Good Samaritan performs zip-line rescue of entangled pelican on Skyway

How far would you go to help an injured bird? When volunteers from Friends of the Pelicans spotted a young pelican entangled in fishing line on a span of the old Skyway Sunshine Bridge, they knew he would die if they didn't do something. 

That span was part of the demolition, so there's no way to get there except by boat, which can be dangerous. After a flurry of phone calls and social media posts, Mike Bitler of St. Petersburg came to the rescue.

He says he and his four children often rescue birds around John's Pass, but this would be his first using his skills as a recreational climber and part-time arborist. Bitler geared up and got lucky the first time tossing his weighted-lead bag more than 75 feet across, from the North Skyway Fishing Pier to the old span. 

"I took what's called a throw ball and a throwline. It's just a thinner-diameter rope tied to a lead weight, a 14-ounce lead bag. I threw it across and just manipulating it, giving it sharp little tugs. It dropped into the water," Bitler described.

Mike Bitler prepares to rescue a pelican trapped in fishing line on the old Skyway

Fisherman Marko Furundzi of Chicago jumped in to help, using his rod to snag the bag and reel it in. From there, Bitler says it's a lot like ziplining, 30 feet above the waters of the gulf.

It could be dangerous, but, "I wouldn't do anything that wouldn't let me come home to my four children at the end of the day," Bitler said.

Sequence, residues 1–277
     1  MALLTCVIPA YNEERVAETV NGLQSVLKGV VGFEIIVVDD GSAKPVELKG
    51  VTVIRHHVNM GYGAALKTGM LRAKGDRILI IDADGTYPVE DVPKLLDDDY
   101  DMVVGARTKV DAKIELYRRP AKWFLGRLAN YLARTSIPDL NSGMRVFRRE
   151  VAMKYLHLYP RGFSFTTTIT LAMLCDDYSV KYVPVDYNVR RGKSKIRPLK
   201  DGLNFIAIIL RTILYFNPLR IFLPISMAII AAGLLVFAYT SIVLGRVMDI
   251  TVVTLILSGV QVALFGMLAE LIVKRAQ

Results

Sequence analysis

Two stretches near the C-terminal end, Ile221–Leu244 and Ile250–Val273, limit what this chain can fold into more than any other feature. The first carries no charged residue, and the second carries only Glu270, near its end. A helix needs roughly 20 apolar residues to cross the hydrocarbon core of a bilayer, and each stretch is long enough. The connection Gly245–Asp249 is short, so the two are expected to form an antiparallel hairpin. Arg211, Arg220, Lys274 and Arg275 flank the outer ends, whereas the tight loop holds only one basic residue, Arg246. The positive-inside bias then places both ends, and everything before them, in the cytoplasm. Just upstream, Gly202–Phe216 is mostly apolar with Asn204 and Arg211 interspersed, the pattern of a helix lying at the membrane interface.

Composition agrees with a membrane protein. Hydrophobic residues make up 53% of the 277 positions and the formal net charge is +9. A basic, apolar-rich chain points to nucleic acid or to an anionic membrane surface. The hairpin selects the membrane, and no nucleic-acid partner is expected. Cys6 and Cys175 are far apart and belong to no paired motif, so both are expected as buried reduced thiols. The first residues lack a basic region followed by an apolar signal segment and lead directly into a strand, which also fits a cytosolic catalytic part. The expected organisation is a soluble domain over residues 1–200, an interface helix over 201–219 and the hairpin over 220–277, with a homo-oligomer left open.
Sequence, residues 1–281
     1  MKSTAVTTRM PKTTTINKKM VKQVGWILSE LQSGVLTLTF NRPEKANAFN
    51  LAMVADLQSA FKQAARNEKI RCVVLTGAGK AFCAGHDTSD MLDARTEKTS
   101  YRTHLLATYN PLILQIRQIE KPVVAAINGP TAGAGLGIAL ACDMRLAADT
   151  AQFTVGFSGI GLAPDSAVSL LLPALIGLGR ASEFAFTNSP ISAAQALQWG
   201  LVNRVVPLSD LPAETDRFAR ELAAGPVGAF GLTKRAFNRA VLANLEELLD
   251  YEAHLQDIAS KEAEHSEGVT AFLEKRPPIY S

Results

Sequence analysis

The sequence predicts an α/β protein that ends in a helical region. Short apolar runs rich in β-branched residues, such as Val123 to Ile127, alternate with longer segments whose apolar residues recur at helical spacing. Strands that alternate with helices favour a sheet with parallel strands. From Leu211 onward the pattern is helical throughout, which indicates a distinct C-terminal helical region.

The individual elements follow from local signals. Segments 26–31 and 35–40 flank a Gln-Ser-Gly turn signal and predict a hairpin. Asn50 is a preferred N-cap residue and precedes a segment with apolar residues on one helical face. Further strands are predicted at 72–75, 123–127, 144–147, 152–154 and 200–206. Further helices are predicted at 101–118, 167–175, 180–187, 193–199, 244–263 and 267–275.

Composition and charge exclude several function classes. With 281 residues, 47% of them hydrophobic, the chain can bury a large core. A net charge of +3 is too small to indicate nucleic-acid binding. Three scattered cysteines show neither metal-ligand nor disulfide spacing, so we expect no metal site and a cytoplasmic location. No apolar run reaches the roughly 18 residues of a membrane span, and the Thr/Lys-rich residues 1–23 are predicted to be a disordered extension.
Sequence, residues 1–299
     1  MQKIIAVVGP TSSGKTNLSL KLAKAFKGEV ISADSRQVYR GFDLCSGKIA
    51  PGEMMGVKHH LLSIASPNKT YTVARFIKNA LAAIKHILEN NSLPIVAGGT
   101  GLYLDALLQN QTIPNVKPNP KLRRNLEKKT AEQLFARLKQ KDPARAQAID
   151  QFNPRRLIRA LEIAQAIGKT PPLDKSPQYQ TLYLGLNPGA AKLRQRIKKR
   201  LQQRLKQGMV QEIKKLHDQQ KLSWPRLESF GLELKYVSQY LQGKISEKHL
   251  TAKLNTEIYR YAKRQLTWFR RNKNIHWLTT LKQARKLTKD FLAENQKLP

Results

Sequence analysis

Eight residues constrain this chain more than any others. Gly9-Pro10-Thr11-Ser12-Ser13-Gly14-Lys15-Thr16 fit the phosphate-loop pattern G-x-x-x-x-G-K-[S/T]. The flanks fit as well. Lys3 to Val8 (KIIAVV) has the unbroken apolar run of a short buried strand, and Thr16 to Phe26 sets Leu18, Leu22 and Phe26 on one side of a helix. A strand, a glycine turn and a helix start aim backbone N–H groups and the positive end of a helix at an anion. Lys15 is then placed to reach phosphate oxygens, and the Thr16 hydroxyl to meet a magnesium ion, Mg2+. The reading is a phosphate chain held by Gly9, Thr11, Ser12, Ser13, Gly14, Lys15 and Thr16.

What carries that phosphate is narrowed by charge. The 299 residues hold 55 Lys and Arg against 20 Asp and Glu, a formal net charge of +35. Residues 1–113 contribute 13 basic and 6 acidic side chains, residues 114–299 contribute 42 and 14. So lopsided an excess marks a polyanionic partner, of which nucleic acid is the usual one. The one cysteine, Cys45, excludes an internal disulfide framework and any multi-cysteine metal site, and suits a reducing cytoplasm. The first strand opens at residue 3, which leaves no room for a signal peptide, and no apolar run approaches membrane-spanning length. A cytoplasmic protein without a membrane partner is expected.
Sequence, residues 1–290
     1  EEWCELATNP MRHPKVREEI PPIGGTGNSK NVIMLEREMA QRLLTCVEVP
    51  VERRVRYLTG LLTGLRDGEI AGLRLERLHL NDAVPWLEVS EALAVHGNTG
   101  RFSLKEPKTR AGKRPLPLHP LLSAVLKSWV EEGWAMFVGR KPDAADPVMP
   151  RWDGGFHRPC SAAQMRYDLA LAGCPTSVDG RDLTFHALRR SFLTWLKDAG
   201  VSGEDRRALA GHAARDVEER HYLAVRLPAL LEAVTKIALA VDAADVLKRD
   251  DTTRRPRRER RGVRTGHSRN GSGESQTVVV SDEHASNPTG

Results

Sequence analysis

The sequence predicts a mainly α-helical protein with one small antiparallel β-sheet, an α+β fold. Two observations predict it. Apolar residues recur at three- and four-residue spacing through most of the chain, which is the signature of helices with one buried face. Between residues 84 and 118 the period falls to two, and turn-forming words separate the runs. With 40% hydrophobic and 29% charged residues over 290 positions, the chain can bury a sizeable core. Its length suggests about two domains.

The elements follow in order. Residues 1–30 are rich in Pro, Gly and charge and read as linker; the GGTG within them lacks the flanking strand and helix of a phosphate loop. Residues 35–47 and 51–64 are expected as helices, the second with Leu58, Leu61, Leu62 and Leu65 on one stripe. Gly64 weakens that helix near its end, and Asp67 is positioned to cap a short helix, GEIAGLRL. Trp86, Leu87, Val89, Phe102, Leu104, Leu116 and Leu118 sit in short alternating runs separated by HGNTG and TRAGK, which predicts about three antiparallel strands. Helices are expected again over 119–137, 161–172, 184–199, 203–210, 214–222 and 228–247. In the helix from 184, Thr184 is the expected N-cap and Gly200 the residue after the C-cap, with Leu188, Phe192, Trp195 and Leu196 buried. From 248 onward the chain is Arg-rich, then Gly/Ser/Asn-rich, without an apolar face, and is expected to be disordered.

When he got there, he found the young pelican hopelessly entangled in fishing line, weights, and lures. He says there's no way it could have escaped and would have starved to death.

"It sounds like an exaggeration, but I genuinely think with the amount of weights, it was about 10 pounds of sinkers attached to various lines that were out there," Bitler described.

After securing the bird in a shopping bag, it was time for the 75-foot journey back, which wasn't so easy.

Courtesy Kim Begay, Friends of the Pelicans

Says Bitler, "In hindsight, I should have made the line a lot tighter. It would have made for a lot easier on the way back. I needed a little help at the end there."

That help was a rope from Furundzi, the same fisherman who helped him set the line.

Eagerly awaiting were Kim Sauls Begay and Jeanette Edwards of Friends of the Pelicans, who couldn't believe how feisty the little guy was after having gone without food for at least two days.

Courtesy Kim Begay, Friends of the Pelicans

They're grateful to Mike Bitner, who stayed humble about what he did.

"Doing the right thing, that's all it was," he said.

The pelican is being cared for at Save Our Seabirds in Sarasota and has a good prognosis. Rescues like this don't happy every day, but pelicans getting entangled and dying does.

Begay and Edwards are urging the people of Tampa Bay to learn more about what's happening to pelicans and what you can do to help by visiting